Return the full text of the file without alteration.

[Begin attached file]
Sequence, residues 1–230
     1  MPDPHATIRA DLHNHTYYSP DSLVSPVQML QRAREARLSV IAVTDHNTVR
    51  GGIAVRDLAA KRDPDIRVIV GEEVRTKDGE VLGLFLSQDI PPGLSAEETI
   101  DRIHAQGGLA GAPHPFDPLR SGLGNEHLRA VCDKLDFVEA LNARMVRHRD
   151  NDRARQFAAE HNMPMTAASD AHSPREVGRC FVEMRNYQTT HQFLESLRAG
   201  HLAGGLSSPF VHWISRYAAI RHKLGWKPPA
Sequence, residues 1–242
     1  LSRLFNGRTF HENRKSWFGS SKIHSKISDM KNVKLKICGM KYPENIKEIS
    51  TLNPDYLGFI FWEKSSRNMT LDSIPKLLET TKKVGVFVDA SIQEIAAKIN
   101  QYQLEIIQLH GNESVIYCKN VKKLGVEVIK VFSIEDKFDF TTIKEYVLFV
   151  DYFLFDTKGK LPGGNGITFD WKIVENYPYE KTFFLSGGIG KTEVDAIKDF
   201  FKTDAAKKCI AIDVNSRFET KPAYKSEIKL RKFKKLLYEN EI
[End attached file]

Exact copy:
Sequence, residues 1–230
     1  MPDPHATIRA DLHNHTYYSP DSLVSPVQML QRAREARLSV IAVTDHNTVR
    51  GGIAVRDLAA KRDPDIRVIV GEEVRTKDGE VLGLFLSQDI PPGLSAEETI
   101  DRIHAQGGLA GAPHPFDPLR SGLGNEHLRA VCDKLDFVEA LNARMVRHRD
   151  NDRARQFAAE HNMPMTAASD AHSPREVGRC FVEMRNYQTT HQFLESLRAG
   201  HLAGGLSSPF VHWISRYAAI RHKLGWKPPA
Sequence, residues 1–242
     1  LSRLFNGRTF HENRKSWFGS SKIHSKISDM KNVKLKICGM KYPENIKEIS
    51  TLNPDYLGFI FWEKSSRNMT LDSIPKLLET TKKVGVFVDA SIQEIAAKIN
   101  QYQLEIIQLH GNESVIYCKN VKKLGVEVIK VFSIEDKFDF TTIKEYVLFV
   151  DYFLFDTKGK LPGGNGITFD WKIVENYPYE KTFFLSGGIG KTEVDAIKDF
   201  FKTDAAKKCI AIDVNSRFET KPAYKSEIKL RKFKKLLYEN EI